Time Alone With God daily devotional





Matthew 5:1-12

New International Version (NIV)

Introduction to the Sermon on the Mount
5 Now when Jesus saw the crowds, he went up on a mountainside and sat down. His disciples came to him, 2 and he began to teach them.

The Beatitudes
He said:

3 “Blessed are the poor in spirit,
for theirs is the kingdom of heaven.
4 Blessed are those who mourn,
for they will be comforted.
5 Blessed are the meek,
for they will inherit the earth.
6 Blessed are those who hunger and thirst for righteousness,
for they will be filled.
7 Blessed are the merciful,
for they will be shown mercy.
8 Blessed are the pure in heart,
for they will see God.
9 Blessed are the peacemakers,
for they will be called children of God.
10 Blessed are those who are persecuted because of righteousness,
for theirs is the kingdom of heaven.
11 “Blessed are you when people insult you, persecute you and falsely say all kinds of evil against you because of me. 12 Rejoice and be glad, because great is your reward in heaven, for in the same way they persecuted the prophets who were before you.



Consider: The Sermon on the Mount is the first of Jesus’ teachings recorded by Matthew. It answers the question, “How should we live?” It cannot be emphasized enough, for Jesus closes it by saying that if you listen to that sermon and do what it says, you are building your life on a solid foundation that can withstand any storm. He also said that if you ignore that sermon, what you’re building will collapse (7:24-27). If we neglect the Sermon on the Mount, we become “Christians” in name only. We claim a grace that we do not live.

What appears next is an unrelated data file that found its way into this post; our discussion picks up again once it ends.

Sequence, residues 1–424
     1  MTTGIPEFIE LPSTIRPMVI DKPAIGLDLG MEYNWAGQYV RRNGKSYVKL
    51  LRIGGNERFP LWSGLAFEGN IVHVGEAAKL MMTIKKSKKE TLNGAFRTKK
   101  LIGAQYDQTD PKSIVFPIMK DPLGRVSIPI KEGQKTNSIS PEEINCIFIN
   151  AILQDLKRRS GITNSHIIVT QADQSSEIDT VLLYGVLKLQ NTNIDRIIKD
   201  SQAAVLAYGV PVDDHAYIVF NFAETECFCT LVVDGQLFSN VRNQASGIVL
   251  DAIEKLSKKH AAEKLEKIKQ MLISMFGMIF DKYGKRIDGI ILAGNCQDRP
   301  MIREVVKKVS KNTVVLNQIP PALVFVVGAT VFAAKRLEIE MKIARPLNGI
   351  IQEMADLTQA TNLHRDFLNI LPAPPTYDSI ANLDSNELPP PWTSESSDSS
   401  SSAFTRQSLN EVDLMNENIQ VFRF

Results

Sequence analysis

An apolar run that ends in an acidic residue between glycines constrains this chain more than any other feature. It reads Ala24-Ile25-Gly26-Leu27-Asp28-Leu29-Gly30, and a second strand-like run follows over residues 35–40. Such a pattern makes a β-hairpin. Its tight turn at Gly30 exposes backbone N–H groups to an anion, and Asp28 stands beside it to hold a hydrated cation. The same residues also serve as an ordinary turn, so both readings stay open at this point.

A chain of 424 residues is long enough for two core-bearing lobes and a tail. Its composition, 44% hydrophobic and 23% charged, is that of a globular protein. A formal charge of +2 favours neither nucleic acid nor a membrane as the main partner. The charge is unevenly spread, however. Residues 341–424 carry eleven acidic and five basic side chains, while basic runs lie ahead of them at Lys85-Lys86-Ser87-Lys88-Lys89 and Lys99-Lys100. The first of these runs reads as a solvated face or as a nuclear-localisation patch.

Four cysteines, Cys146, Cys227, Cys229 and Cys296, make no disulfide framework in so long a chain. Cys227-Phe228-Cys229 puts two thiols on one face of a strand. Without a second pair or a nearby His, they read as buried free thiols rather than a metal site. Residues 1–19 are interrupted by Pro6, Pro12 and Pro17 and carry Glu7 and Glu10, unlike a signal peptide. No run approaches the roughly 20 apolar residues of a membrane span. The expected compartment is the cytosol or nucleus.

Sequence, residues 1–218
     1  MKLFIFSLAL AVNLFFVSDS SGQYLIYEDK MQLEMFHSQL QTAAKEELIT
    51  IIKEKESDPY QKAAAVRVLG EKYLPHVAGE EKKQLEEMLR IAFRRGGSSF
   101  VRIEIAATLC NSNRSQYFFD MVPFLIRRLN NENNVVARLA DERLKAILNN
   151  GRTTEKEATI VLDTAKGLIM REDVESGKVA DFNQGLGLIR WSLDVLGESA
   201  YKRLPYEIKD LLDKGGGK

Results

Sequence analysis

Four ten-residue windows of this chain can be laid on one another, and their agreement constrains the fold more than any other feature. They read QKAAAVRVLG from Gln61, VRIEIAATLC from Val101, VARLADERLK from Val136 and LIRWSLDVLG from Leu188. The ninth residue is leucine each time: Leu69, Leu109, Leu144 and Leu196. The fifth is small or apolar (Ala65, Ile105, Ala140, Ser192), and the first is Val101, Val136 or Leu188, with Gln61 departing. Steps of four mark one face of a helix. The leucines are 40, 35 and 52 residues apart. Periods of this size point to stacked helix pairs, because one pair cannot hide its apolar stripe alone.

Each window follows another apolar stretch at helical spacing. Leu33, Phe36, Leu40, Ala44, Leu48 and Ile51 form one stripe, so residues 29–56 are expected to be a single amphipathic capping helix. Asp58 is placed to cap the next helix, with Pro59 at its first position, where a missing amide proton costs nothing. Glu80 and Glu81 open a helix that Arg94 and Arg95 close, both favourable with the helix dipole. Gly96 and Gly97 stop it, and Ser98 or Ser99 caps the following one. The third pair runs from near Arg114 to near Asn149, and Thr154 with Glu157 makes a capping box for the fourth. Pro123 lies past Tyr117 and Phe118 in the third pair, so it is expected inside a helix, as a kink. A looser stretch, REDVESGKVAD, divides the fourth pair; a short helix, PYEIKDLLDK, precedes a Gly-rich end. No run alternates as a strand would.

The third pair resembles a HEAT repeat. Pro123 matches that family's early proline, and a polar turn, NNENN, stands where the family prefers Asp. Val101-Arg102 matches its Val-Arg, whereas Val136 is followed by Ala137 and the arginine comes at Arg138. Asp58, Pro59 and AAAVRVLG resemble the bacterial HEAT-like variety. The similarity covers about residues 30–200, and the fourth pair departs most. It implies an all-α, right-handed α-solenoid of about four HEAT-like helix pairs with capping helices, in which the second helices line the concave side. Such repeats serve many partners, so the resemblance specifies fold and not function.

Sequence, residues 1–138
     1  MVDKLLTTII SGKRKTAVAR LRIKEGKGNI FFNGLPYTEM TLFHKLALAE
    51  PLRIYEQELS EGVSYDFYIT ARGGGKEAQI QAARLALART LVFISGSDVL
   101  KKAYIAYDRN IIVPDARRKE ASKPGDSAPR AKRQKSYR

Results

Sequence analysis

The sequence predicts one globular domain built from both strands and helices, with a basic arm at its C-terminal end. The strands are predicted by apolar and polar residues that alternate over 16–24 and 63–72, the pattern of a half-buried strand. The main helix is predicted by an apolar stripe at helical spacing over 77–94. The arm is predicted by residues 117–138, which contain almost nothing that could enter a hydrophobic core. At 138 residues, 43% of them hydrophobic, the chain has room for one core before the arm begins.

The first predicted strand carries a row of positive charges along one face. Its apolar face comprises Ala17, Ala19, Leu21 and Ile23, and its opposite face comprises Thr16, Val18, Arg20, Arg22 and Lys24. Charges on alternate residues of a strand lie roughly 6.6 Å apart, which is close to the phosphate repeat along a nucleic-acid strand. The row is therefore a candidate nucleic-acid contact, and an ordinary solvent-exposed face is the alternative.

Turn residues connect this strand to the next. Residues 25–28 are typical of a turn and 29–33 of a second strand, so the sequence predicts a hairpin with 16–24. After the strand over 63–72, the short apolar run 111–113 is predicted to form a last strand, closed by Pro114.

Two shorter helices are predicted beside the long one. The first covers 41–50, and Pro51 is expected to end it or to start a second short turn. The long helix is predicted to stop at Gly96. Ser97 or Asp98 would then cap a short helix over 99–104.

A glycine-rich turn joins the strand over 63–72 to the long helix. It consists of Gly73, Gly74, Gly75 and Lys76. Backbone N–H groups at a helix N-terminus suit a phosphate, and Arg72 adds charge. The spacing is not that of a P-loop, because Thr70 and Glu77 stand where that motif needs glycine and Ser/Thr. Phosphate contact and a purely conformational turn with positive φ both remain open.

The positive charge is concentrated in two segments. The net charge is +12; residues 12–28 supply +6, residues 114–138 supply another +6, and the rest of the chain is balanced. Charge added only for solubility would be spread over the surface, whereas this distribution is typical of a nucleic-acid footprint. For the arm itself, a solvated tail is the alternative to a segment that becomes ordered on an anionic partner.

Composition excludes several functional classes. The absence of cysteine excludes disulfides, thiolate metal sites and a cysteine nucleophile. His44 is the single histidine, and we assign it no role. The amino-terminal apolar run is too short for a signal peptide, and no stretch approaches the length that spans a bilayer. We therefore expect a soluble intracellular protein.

I hope you see how important Matthew 5-7 is. And I hope you see the significance of the opening words…

“Blessed are the poor in spirit, for theirs is the kingdom of heaven.” (5:3)

Jesus began his ministry by blessing the spiritually destitute. The sinner. The one who claims no spiritual power. The one who can take no pride in his or her own righteousness. Poor. Poor in spirit. And blessed!

This is counterintuitive. We think that God blesses the strong in spirit. We think that good people are the ones who are singled out by God for blessing. But our own perceived “goodness” and our own “strength” just keep getting in the way. When we humbly bring our sinfulness and weakness to Christ, he promises us the kingdom of heaven—the new reality he brings to earth.

Pray: I thank you, Lord, that my poverty of spirit is not my demise. When I own it, admit it and bring it to you, you open the kingdom up to me. May I never allow spiritual pride to keep me from your kingdom. When I am strong, help me to see that it is your strength working in me and that your strength is made possible by my weakness (2 Corinthians 12:10).”

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